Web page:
Wyoming Basset Hound Rescue and Adoption

Bailey, at two years old. 


Wyoming Basset Hound Rescue and Adoption
Why is Rescue Needed?


This is why!!!! ...... Sadly, 6 to 8 million animals are given up by their owners every year.  These animals end up in animal shelters or find their way into breed rescue groups such as Wyoming Basset Rescue.  Of these 6 to 8 million animals, only approximately 1/2 of them will ever find a new home.  It is estimated that 3 to 4 million pets are euthanized every year!  Of these animals, 25% are purebreds.

Why so many millions?  Some are victims of tragic family circumstances, others are victims of irresponsible owners, backyard breeders and puppy mills.

Wyoming Basset Rescue was started many years ago by some very wonderful, caring people who just loved basset hounds and hated to see them end up in shelters in our state.

Here are some of our recent rescue facts: In 2006 we placed on 8 dogs.  In 2007 it was 17 and in 2008 we placed 27 bassets and 5 have been placed so far this year.  We get mostly males; of the 57 dogs we have placed since January 15, 2006 to date, 38 have been males and 19 females.  The bassets are taken in for a multitude of reasons; found wondering the countryside, owners die and extended family don't want them, picked up as strays at shelters and never claimed, relinquished due to moving, relinquished due to new baby, relinquished due to too many dogs in the house, relinquished due to no fenced yard and they keep getting out, relinquished because the family doesn't have time for them and sadly relinquished because they're just not wanted anymore.  Ages we've taken in have ranged from as young as 9-10 months old to as old as 13yr old.  Nearly all require vaccinations and half have needed to be altered.

..... and Wyoming Basset Rescue is only one of two active basset rescues in the state!

Please be responsible pet owners and help to stop the need for rescue organizations and animal shelters throughout the U.S. 
- If you are not sure that you really want a pet - wait! Getting a pet is a responsibility and a commitment for many years to come.  Be sure you are up for the responsibility before you get a pet.
- If you think you want to breed your pet - don't!  There are millions of kittens and puppies already in shelters, because of owners that allowed their own animals to reproduce.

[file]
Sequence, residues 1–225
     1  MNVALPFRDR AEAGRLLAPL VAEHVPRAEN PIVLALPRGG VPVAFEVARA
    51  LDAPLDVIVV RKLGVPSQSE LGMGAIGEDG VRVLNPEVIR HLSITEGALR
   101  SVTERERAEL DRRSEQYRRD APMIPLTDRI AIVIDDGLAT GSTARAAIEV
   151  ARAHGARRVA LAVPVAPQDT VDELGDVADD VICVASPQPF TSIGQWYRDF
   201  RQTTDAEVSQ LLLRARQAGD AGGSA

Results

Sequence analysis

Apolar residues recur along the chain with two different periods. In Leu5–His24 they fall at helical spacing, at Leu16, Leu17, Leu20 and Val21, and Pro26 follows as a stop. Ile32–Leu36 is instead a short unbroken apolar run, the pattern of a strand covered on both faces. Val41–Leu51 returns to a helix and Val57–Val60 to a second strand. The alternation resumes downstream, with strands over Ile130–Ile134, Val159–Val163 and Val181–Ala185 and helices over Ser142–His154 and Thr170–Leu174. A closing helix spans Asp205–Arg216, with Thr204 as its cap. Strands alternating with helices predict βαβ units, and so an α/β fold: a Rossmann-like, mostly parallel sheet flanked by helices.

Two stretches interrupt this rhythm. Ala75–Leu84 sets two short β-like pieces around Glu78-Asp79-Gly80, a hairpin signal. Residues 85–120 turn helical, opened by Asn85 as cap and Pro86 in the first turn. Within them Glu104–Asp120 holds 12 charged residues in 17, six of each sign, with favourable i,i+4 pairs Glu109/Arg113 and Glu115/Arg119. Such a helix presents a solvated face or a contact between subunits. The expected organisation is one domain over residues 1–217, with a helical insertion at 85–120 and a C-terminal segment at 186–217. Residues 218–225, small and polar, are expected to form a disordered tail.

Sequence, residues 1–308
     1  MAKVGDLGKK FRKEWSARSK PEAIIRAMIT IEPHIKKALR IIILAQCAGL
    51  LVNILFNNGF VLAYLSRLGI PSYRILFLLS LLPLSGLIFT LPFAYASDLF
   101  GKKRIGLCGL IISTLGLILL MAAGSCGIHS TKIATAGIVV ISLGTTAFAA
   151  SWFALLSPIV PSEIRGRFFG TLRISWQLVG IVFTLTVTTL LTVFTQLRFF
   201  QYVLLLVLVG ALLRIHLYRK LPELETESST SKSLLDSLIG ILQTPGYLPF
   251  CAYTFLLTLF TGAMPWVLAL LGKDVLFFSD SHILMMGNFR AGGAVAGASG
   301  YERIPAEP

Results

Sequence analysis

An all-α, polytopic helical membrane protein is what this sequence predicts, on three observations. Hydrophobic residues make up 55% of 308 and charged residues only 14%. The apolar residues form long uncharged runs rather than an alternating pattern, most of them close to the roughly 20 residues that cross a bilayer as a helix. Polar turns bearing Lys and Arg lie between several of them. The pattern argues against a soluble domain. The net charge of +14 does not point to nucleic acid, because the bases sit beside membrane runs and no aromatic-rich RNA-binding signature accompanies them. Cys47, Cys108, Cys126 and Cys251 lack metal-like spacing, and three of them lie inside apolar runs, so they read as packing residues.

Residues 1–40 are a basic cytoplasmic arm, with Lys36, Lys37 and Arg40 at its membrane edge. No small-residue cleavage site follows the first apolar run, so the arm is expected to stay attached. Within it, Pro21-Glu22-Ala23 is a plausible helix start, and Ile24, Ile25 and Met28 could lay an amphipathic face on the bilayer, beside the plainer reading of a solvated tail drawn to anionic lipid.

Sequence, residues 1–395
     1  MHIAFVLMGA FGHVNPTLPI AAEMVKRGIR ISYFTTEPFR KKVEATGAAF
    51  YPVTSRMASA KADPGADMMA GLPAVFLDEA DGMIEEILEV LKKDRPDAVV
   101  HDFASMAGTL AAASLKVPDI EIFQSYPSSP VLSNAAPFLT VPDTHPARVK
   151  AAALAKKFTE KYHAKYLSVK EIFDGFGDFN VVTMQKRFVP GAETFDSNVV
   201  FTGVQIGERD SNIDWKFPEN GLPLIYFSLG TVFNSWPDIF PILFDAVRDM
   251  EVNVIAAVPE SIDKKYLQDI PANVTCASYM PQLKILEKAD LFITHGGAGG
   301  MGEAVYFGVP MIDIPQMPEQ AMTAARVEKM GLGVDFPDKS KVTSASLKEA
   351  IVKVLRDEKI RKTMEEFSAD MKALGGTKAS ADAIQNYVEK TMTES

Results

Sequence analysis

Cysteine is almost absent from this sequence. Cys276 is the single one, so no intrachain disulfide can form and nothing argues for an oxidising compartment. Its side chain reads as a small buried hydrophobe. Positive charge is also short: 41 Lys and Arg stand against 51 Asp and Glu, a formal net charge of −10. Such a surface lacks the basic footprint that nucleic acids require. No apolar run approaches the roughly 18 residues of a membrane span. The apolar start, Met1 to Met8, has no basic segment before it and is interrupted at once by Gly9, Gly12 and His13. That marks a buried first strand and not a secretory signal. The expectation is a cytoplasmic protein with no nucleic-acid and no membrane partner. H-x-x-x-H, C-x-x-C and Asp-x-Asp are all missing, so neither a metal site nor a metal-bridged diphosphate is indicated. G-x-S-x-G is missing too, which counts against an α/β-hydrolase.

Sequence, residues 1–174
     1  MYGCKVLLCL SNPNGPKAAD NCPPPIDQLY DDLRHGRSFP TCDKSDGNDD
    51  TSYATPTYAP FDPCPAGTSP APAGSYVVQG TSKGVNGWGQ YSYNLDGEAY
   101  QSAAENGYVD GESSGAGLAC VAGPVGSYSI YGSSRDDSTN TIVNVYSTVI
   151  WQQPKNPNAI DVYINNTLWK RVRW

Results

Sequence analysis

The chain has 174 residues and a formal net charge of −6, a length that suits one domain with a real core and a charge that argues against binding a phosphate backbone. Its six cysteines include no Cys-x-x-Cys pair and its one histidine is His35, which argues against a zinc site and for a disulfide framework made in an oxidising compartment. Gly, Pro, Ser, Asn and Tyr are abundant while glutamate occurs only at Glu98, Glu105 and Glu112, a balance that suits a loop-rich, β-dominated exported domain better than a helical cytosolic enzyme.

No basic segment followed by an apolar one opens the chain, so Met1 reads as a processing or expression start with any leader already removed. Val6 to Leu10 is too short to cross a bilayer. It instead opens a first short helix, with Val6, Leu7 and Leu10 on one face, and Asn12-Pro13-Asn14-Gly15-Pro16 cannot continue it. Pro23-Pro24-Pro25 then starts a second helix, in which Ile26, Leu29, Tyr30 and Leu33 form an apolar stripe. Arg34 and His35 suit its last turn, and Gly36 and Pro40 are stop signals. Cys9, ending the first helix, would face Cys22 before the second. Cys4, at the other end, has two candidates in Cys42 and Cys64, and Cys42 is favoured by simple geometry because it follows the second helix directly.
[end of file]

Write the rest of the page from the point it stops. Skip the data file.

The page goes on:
- If you want to buy that cute puppy or kitten at the pet store - don't!  Most pet stores buy them from puppy and kitten mills, often horrid places where the breeding animals are kept in small cages their entire "useful" lives, their only purpose is to reproduce, they not loved as a dog or cat should be.  Buying from pet stores only further supports this terrible practice.

Here is a heartwrenching tale of what the lives of millions of animals are like.  Please be responsible with your animals and don't add to this tragic story!

HOW COULD YOU? - By Jim Willis, 2001

When I was a puppy, I entertained you with my antics and made you laugh. You called me your child, and despite a number of chewed shoes and a couple of murdered throw pillows, I became your best friend. Whenever I was "bad," you'd shake your finger at me and ask "How could you?" -- but then you'd relent and roll me over for a belly rub. My housebreaking took a little longer than expected, because you were terribly busy, but we worked on that together. I remember those nights of nuzzling you in bed and listening to your confidences and secret dreams, and I believed that life could not be any more perfect. We went for long walks and runs in the park, car rides, stops for ice cream (I only got the cone because "ice cream is bad for dogs" you said), and I took long naps in the sun waiting for you to come home at the end of the day. Gradually, you began spending more time at work and on your career, and more time searching for a human mate. I waited for you patiently, comforted you through heartbreaks and disappointments, never chided you about bad decisions, and romped with glee at your homecomings, and when you fell in love.

She, now your wife, is not a "dog person" - - still I welcomed her into our home, tried to show her affection, and obeyed her. I was happy because you were happy. Then the human babies came along and I shared your excitement. I was fascinated by their pinkness, how they smelled, and I wanted to mother them, too. Only she and you worried that I might hurt them, and I spent most of my time banished to another room, or to a dog crate. Oh, how I wanted to love them, but I became a "prisoner of love." As they began to grow, I became their friend. They clung to my fur and pulled themselves up on wobbly legs, poked fingers in my eyes, investigated my ears, and gave me kisses on my nose. I loved everything about them and their touch -- because your touch was now so infrequent -- and I would've defended them with my life if need be. I would sneak into their beds and listen to their worries and secret dreams, and together we waited for the sound of your car in the driveway. There had been a time, when others asked you if you had a dog, that you produced a photo of me from your wallet and told them stories about me. These past few years, you just answered "yes" and changed the subject. I had gone from being "your dog" to "just a dog," and you resented every expenditure on my behalf.